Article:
An independent non-executive director (INED) role is often a fulfilling step after (or towards the end of) an accomplished executive career.
In an era of widespread market volatility and unprecedented technological innovation, an INED’s ability to bring balanced independent judgment to the boardroom has never been so important.
Here at Broadgate, we’ve had the privilege of working with many talented INEDs, and we've seen first-hand the positive, far-reaching impact of their contributions.
If you’re hoping to transition to the next stage of your career plan and become an INED, here’s some advice you might find helpful.
Consider a Board Governance Certification
INED roles require a good understanding of corporate governance, leadership, risk, and controls and financial management (amongst others) – This is commonly why experienced C-suite executives are favourably placed to become INEDs.
These INED skills – and particularly risk management oversight - can be difficult to bring to bear on boards without executive experience.
Obtaining a specialised board governance certification can help. Many renowned entities provide world-class courses, including:
The FT Non-Executive Director Diploma
The Institute of Chartered Directors Programme in Ireland
The International Compliance Association Advanced Certificate in Governance, Risk and Compliance
It’s worth noting that whilst INEDs don’t have managerial responsibilities, they’re still bound by the same (or similar) legal and regulatory obligations as executive board directors, including sometimes personal accountability.
Learn About the Modern ESG (Environmental, Social Governance) Landscape
From the rise of the B Corps to unprecedented regulatory change (greenwashing sanctions are a good example), INEDs need to understand what the evolving ESG space means for their role.
Cybersecurity is tied to the resilience and longevity of most organisations. It’s important to familiarise yourself with cybersecurity fundamentals and the various digital security systems that most companies have in place. Without this knowledge and understanding you will be at a disadvantage compared to other INED candidates.
Tailor your CV/Resumé – your INED CV is likely to vary significantly from your executive/management one. For example, an INED CV will need tailoring to encompass skills specifically relating to your track record serving on committees and other forums, interactions with and at boards, people challenges, culture, and experience with a wide variety of stakeholders (both internal and external), good judgement, risk and controls in real scenarios, and commercial acumen as a senior leader.
Build a strong, active online presence (personal professional brand) –grow a following on LinkedIn and regularly share your industry-specific insights with your network there; by doing this you’re making your skillset known to potential employers before you even get to the application and interview process. LinkedIn has become a candidate’s ‘calling card to the World’ and needs to give an accurate view of your track record and abilities.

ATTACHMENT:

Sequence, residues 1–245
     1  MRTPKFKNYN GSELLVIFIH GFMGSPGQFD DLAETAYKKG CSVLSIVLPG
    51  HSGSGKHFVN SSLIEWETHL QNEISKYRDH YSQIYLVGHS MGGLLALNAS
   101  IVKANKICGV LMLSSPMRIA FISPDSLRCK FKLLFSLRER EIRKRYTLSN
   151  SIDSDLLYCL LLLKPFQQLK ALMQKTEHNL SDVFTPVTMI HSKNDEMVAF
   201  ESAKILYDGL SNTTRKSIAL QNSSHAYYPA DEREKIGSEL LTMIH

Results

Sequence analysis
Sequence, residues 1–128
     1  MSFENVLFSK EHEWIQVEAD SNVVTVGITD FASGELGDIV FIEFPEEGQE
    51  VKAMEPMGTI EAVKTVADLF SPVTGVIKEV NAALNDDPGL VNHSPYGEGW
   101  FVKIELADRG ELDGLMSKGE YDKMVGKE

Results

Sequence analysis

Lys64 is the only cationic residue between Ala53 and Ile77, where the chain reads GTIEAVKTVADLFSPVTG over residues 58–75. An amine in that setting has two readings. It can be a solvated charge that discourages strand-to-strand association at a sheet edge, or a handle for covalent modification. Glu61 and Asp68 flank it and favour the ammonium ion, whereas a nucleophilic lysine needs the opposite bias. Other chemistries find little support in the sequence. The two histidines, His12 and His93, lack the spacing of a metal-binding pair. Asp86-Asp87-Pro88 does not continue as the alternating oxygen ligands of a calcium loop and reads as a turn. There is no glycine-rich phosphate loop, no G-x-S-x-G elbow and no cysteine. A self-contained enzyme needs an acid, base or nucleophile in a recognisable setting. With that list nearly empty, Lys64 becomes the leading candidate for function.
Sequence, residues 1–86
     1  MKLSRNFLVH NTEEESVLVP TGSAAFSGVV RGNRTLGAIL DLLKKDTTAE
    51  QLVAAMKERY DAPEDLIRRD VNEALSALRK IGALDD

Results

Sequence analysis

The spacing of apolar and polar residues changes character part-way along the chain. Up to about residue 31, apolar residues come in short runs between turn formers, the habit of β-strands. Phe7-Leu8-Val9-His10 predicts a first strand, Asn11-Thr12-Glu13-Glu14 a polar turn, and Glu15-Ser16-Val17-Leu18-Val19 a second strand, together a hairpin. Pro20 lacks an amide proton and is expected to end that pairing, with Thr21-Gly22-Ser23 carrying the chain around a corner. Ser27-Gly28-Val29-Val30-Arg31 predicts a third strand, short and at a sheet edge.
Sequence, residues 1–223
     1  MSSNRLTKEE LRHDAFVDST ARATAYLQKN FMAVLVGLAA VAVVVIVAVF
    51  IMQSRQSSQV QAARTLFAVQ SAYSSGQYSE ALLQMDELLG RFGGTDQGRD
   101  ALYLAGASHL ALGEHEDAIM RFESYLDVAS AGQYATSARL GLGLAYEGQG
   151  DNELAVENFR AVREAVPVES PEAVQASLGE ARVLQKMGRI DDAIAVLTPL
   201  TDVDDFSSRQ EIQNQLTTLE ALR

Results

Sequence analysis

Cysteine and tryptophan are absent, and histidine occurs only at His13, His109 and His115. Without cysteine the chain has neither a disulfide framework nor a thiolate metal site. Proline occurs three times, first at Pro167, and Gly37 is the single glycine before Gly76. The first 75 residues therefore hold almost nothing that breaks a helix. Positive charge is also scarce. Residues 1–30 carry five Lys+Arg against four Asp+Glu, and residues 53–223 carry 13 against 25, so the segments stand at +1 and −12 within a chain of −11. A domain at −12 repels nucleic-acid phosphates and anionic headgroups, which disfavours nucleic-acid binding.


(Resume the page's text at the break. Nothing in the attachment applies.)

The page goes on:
Network with other INEDs – Networking with current INEDs can help you gain a better understanding of what your career path and future roles could be. And, importantly, INEDs in your network may be able to refer you for specific roles.
Why Companies Hire NEDs
INEDs are hired to provide expert oversight across a range of areas, and sometimes, bringing them on to a board is warranted by a specific situation, such as:
To launch an IPO (Initial Public Offering) – releasing shares to the public for the first time is an expensive and drawn-out process, and for some companies, it’s a make-or-break situation. In 2018 Spotify hired INEDs to oversee and strengthen the launch of their IPO.
The introduction of new technologies – the rate of tech adoption is skyrocketing. Corporations are turning to INEDs to help them oversee tech-enabled transformations. Tesla did this (also back in 2018).
Expanding into new markets – INEDs can be a powerful voice in executive proposals for market expansion. For example, it’s an uphill struggle to operate in unfamiliar regions without comprehensive awareness of the commercial, cultural, risk, legal, and governance factors associated with those regions. INEDs can provide both invaluable insight and support to navigate expansion pitfalls (including around local competitive forces).
Compliance, Risk Management, Financial Crime, and Fraud
The Broadgate team has also seen increasing demand for INEDs with skills and experience in compliance, risk management, financial crime and fraud. It can be difficult to know how to articulate these skills and experiences on your CV/resumé, especially if you’re attempting to move into an INED role for the first time.
Our consultants can help you through each stage of the process, whether that’s through CV-building workshops, interview guidance, market insights, or general recruitment support.
Support from Broadgate
As specialist business enablement recruiters, we know what it takes to thrive. If you need any support or direction from our consultants, contact us today – we’re here to connect you with opportunities that suit your unique skills and needs.
Becoming an INED does not happen overnight. It takes personal resilience, tenacity, and building your network with recruiters. Broadgate would love to be part of your success story.
Want to discuss the above in more detail? Book a time with Ben Adams, Founder and Managing Director, here: LinkedIn.